In an effort to revive its ailing domestic sector, India is planning to prohibit Chinese smartphone manufacturers from selling phones for less than Rs 12,000, which will hurt companies like Xiaomi Corp. The move attempts to drive Chinese behemoths out of the lower tier of the second-largest mobile market in the world. Concern over the undercutting of regional manufacturers by high-volume brands like Realme and Transsion is growing at the same time.
According to a news report in Reuters, Xiaomi and its competitors would suffer if they were excluded from India's entry-level market because they have increasingly relied in recent years on fuel growth. In contrast, the Covid-19 lockdowns in the Chinese domestic market decimated consumer spending. According to industry researcher Counterpoint, shipments of smartphones priced fewer than Rs. 12,000 accounted for up to 80% of the sales volume in India during the three months ending in June 2022.
Xiaomi and its rivals Oppo and Vivo have already been exposed to intense financial examination by New Delhi, which has resulted in tax demands and claims of money laundering. The government has already used clandestine methods to outlaw communications equipment made by ZTE Corp. and Huawei Technologies Co. Although there isn't a formal policy that forbids Chinese networking equipment, wireless operators are urged to buy alternatives.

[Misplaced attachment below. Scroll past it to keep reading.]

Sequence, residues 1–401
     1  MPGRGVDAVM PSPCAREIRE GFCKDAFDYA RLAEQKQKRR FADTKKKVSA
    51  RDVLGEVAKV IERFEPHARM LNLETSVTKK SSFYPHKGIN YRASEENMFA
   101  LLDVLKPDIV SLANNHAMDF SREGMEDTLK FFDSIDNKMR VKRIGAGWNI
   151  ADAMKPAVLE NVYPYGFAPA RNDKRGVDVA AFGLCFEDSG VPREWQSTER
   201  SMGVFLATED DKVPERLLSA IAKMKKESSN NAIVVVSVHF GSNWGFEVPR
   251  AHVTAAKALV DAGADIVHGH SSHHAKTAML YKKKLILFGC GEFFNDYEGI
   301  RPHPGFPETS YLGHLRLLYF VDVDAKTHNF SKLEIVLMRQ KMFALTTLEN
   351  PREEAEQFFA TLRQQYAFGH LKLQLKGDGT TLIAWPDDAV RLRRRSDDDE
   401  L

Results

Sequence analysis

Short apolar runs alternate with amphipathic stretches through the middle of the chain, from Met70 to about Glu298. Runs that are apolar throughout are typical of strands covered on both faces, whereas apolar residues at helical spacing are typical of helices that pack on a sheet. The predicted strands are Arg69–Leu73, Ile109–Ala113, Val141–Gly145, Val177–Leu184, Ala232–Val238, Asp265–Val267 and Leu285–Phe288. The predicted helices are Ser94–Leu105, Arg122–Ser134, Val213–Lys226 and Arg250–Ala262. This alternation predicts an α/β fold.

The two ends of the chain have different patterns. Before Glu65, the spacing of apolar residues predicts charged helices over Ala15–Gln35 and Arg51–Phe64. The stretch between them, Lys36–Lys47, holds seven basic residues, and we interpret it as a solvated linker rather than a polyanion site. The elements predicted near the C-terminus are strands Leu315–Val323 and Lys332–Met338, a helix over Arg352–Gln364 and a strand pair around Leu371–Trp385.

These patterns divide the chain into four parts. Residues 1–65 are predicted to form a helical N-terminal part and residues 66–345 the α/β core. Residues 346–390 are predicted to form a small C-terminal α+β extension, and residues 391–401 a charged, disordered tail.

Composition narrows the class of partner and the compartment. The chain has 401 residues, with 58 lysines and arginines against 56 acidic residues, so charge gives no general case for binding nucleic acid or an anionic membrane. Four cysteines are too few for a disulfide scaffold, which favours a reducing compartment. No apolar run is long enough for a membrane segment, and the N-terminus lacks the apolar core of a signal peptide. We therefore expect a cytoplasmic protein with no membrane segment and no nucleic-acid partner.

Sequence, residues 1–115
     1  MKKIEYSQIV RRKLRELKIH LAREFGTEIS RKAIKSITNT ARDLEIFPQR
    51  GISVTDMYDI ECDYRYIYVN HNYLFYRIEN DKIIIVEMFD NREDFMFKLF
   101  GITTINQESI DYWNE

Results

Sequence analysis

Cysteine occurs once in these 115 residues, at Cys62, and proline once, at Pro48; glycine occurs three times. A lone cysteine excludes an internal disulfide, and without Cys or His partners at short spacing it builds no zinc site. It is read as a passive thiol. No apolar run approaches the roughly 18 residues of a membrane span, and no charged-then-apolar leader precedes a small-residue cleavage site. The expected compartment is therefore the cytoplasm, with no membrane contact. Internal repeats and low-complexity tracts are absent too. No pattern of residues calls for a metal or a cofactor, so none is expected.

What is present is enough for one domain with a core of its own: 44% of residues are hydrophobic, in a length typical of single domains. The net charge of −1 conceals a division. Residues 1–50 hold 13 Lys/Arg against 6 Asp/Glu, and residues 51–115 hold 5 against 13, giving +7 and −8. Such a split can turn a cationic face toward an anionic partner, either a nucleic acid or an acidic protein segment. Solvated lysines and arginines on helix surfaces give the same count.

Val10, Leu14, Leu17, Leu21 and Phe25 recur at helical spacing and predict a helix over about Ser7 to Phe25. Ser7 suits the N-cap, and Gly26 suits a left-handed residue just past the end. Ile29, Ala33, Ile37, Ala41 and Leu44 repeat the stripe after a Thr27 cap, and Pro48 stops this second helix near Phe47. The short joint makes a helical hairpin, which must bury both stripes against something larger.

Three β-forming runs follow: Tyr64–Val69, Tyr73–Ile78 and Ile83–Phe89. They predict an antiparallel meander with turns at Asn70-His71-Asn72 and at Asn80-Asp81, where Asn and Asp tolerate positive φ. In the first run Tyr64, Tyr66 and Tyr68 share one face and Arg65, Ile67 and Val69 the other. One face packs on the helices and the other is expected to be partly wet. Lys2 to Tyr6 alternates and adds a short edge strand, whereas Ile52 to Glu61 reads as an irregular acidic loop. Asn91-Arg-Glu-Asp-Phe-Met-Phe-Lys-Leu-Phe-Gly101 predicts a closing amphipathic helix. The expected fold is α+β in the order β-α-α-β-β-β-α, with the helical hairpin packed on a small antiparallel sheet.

Move not to impact Apple and Samsung
Since Apple Inc. and Samsung Electronics Co. charge more for their phones, the change shouldn't have an impact on them. Requests for comment from Transsion, Realme, and Xiaomi representatives went unanswered. In the summer of 2020, India increased pressure on Chinese businesses after a confrontation between the two nuclear-armed neighbours on a disputed Himalayan border resulted in the deaths of over a dozen Indian soldiers. As ties between the two nations deteriorate, it has subsequently blocked more than 300 apps, including WeChat from Tencent Holdings Ltd. and TikTok from ByteDance Ltd.
It is to be noted that, before new competitors from the neighbouring country upset the market with affordable and feature-rich smartphones, domestic manufacturers like Lava and Micromax accounted for slightly less than half of India's smartphone sales.